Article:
What should be done with the Gaza Strip? The question comes up every time tension in the south rises.
Leading pundits ask the question of retired generals in the hope of getting an answer that promises salvation, rather like ancient Greeks longing for an answer from the gods on Olympus. But all the answers revolve around the same old colonialist approach that has characterized Israel’s security policy for generations.
Not human rights, freedom and self-determination, but control via carrots and sticks: defeating Hamas, but leaving it in power. Controlling the sea and the air and the border crossings, but giving people a glimmer of hope through minor relaxations of the siege and the introduction of infrastructure projects that will provide jobs. The main thing is for Gaza to remain a territory surrounded by fences, deterred and barely breathing, but alive.
This model wasn’t developed in the past few months or years. It also operates in the West Bank, despite efforts to conceal it. And for now, the model is working well, despite the geographic and demographic differences between the territories.
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The West Bank is divided into canton centered on the main cities. With them, there is a semblance of freedom of movement and freedom of commerce, but nobody can enter or leave without Israeli permission. Many Palestinians do leave for work, despite occasional terror attacks.
Overall, Israeli control over the West Bank is almost absolute. As far as Israel is concerned, the Palestinian Authority and its security services are supplying the goods by preventing escalation. All the threats by senior PA officials to dismantle the deal and hand back the keys no longer impress anyone.
This is the model Israel would like to advance in the Gaza Strip. It would like to stay as far away as possible from a comprehensive political arrangement and promote a plan for its continued control based on the same parameters as in the West Bank. The Strip would become one big canton. Hamas would be the de facto sovereign, policing and keeping the peace. Unlike the West Bank, Gaza has no Israeli settlements, so as long as there’s no rocket and mortar fire into Israel, everything’s under control.
But Hamas, unlike the PA, is hard to restrain, mainly because of its rockets and tunnels. That’s why Israel invested billions to develop the Iron Dome anti-missile system and build the new fence around Gaza.
The entry of U.S. envoys Jason Greenblatt and Jared Kushner, in cooperation with Arab states like Egypt, Saudi Arabia and Qatar, is meant in the eyes of Netanyahu’s Israel to complete this plan. Egypt, which has a vital interest in calming Gaza down because of the territory’s impact on Sinai, will play the policeman who restrains Hamas. Saudi Arabia, Qatar and perhaps the United Arab Emirates will pay for the projects, which will be under United Nations auspices.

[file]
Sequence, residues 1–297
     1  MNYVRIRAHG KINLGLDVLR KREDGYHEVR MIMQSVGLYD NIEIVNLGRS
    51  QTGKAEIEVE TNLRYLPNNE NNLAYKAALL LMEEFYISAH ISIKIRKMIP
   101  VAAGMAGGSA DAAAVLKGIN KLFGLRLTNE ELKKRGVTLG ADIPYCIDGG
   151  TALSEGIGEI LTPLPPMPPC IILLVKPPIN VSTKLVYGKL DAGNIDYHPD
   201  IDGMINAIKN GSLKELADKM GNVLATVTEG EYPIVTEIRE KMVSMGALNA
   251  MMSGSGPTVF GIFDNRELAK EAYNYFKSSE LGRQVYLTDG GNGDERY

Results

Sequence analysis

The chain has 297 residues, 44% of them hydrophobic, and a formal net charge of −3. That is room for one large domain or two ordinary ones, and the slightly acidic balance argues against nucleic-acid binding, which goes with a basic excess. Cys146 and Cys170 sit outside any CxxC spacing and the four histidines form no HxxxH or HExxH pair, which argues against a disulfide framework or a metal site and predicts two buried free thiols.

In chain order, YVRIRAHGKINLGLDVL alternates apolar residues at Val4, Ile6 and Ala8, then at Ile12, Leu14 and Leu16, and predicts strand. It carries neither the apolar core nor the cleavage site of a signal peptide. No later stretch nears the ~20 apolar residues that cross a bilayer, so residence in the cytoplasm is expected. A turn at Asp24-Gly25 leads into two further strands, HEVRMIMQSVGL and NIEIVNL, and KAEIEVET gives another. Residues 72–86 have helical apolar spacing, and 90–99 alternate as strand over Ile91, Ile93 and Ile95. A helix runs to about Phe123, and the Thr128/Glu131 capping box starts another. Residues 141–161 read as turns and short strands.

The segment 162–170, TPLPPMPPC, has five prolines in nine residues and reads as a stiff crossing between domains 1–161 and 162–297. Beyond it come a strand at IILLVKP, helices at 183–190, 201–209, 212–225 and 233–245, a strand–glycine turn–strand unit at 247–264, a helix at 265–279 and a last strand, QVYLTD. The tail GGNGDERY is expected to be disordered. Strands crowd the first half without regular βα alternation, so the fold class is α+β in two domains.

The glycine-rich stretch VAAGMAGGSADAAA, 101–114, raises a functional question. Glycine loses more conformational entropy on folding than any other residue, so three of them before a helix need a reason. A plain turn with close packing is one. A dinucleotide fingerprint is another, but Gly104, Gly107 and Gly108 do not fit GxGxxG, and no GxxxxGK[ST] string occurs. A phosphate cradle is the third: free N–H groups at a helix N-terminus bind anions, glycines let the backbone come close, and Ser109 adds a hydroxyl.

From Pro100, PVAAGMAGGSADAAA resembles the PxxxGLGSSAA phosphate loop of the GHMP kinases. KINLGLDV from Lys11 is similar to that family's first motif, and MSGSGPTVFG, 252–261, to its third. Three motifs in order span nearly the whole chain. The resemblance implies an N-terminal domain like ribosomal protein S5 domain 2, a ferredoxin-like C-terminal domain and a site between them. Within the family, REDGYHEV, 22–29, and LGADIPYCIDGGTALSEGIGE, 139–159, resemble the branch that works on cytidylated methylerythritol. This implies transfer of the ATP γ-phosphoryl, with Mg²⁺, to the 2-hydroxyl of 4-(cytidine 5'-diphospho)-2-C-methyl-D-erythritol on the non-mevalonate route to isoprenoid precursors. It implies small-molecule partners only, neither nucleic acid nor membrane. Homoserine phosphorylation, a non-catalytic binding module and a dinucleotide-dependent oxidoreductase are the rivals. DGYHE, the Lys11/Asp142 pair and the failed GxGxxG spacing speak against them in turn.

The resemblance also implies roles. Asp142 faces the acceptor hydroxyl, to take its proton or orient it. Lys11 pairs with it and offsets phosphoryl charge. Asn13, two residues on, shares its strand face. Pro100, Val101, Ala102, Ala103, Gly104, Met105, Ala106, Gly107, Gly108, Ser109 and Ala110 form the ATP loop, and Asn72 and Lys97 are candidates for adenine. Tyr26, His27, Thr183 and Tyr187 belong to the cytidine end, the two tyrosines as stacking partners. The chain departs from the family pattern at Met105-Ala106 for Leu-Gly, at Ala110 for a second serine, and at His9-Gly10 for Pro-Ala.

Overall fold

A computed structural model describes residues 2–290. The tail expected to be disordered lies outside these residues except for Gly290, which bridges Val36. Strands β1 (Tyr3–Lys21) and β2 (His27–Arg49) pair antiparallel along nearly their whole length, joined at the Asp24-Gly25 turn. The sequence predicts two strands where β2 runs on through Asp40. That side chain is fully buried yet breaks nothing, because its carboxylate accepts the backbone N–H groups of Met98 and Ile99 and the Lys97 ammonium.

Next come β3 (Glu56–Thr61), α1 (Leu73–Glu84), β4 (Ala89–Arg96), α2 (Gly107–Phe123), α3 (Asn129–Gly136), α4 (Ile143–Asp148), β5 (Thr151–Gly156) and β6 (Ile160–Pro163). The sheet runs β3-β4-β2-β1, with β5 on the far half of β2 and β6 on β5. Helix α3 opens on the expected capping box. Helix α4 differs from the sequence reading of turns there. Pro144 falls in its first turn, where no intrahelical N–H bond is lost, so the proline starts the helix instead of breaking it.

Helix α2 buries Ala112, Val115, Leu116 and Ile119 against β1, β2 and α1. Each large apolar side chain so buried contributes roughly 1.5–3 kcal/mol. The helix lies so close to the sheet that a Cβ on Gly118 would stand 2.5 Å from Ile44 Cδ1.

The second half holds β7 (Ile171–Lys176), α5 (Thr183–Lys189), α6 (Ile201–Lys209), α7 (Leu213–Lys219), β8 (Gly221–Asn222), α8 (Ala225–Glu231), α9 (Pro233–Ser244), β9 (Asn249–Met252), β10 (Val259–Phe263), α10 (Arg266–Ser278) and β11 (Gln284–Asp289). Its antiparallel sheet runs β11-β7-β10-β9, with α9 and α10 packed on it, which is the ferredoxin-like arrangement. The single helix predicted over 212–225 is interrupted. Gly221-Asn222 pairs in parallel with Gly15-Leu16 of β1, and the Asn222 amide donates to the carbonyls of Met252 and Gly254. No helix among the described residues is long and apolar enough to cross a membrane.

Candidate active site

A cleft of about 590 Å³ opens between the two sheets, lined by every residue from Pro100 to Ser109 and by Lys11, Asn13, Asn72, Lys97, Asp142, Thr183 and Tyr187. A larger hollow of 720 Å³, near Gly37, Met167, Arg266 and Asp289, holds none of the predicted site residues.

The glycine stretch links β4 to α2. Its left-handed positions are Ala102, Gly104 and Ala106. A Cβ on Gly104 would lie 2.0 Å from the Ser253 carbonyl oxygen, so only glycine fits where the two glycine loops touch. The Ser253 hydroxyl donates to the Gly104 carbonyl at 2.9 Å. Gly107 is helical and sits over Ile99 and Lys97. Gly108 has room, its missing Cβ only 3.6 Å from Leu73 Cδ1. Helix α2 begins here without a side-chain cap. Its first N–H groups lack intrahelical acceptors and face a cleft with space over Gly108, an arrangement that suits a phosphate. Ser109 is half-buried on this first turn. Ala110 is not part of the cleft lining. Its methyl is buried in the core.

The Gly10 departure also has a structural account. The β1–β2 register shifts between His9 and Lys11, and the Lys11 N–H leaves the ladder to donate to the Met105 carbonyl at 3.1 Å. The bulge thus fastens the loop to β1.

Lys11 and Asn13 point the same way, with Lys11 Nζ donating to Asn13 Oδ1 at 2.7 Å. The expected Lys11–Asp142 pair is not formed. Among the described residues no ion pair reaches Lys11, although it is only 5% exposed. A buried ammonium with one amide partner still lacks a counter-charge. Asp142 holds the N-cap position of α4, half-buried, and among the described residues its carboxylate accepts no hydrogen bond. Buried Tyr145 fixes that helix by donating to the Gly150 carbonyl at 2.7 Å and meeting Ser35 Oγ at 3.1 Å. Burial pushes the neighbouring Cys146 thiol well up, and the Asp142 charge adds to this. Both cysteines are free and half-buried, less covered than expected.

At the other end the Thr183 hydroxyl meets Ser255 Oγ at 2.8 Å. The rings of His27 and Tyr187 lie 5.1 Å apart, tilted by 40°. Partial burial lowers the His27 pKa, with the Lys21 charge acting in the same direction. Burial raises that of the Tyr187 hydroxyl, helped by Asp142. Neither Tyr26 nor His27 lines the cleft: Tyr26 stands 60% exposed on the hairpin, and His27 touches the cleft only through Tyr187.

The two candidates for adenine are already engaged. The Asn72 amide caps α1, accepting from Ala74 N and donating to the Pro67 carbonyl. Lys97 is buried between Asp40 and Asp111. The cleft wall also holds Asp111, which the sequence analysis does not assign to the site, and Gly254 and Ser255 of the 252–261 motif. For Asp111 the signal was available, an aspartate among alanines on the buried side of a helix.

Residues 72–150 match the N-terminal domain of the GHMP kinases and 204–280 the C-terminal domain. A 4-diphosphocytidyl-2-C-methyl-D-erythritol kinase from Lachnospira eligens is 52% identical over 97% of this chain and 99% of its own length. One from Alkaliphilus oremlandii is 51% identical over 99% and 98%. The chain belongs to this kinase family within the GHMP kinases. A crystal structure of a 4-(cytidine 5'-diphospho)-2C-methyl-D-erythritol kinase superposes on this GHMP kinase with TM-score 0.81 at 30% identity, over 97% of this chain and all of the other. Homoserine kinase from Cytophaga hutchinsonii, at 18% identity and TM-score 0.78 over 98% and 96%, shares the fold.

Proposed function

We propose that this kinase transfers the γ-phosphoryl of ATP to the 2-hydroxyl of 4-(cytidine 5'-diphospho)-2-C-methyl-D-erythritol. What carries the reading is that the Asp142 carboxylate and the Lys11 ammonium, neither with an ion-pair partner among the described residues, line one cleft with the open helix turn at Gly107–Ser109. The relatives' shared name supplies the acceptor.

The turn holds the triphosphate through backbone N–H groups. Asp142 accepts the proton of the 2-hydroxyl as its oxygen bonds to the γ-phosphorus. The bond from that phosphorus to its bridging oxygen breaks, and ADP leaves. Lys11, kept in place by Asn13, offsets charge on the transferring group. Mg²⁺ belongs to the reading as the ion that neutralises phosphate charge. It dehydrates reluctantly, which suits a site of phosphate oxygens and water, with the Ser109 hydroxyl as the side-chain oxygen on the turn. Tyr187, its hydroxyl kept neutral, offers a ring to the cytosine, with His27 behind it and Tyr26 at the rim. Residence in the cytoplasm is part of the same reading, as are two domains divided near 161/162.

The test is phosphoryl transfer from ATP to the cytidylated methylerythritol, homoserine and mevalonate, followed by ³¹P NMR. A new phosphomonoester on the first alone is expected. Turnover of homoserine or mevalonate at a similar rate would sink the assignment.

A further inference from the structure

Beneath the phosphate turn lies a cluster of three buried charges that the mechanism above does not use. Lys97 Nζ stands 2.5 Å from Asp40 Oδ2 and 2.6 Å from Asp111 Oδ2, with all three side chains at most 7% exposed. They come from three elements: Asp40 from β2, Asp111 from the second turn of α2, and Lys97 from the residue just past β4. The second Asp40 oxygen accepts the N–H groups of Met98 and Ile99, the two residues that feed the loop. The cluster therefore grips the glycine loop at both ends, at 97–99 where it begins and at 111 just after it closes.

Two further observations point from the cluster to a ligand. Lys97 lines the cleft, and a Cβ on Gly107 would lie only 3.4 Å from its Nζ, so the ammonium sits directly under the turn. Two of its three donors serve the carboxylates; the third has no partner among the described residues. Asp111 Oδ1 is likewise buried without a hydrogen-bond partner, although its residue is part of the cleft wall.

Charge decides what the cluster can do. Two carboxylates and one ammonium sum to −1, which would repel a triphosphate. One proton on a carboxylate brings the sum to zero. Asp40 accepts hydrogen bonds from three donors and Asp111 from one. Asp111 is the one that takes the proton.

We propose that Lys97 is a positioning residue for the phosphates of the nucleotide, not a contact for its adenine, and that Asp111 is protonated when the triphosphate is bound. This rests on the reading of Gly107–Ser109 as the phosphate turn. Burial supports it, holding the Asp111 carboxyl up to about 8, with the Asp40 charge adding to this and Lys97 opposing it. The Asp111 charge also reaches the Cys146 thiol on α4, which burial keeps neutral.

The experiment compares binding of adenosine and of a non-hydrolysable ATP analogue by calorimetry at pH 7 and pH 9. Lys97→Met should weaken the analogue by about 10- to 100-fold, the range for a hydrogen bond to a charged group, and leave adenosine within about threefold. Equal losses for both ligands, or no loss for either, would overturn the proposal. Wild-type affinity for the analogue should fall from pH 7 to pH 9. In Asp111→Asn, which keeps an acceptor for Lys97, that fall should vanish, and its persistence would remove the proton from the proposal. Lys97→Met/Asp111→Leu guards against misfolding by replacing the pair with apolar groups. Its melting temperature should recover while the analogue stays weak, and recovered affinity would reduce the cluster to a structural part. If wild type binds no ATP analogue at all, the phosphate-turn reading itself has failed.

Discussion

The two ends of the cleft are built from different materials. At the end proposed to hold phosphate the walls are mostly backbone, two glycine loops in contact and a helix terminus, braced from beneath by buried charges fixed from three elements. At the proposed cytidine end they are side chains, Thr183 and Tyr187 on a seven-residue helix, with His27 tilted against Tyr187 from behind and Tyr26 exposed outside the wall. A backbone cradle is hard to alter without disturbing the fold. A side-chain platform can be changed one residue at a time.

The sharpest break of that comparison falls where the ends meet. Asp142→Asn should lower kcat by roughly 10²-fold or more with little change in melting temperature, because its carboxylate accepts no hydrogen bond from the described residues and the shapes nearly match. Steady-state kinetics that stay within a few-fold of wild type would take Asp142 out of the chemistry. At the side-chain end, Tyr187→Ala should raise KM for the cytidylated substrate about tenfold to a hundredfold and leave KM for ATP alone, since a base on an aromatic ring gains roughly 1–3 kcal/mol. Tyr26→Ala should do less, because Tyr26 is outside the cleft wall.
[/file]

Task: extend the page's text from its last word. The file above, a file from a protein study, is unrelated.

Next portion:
The hope is that curbing Hamas while improving Gaza’s infrastructure will ensure long-term quiet, safeguard Israel’s security interests and sever the connection between Gaza and the West Bank, so that all talk of a Palestinian state in the 1967 borders would become irrelevant.
Hamas understands this plan quite well, and therefore, it will officially oppose and assail it. But in practice, it won’t oppose civilian projects in Gaza as long as its rule isn’t in danger.
In a statement, Abbas said: “the American delegation has to realize that there’s no point in looking for alternatives and illusions that are meant to divide the Palestinian homeland and prevent the establishment of a Palestinian state.”
His spokesman, Nabil Abu Rudeineh, added on his behalf that “true peace obligates the implementation of decisions made by the international community, that are based on a two-state solution, a Palestinian state built on the 67’ borders with East Jerusalem as its capital and the creation of an international mechanism to put the peace process back on the right track.”
The PA leaders need to recognize that the model they are perpetuating in the West Bank is the inspiration for what Israel and the Trump administration seek to do in Gaza, and that they are indirectly serving the interests of Jerusalem and Washington. The goal is to rule the Palestinians for generations, with no diplomatic agreement that necessitates determining borders and resolving the core issues. For Israel and the United States, it would be a huge success if the Arab states adopted and promoted this formula.
The Palestinian leadership in Ramallah and Gaza can kick and scream, but their complaints should be directed first and foremost at themselves and only afterward at the rest of the world. For unless they end the internal schism and return their mandate to the Palestinian people via free and democratic elections, which would produce a new leadership with a new strategy and a new agenda, the Palestinians will be left with few weapons to fight the plans being concocted to liquidate their national aspirations.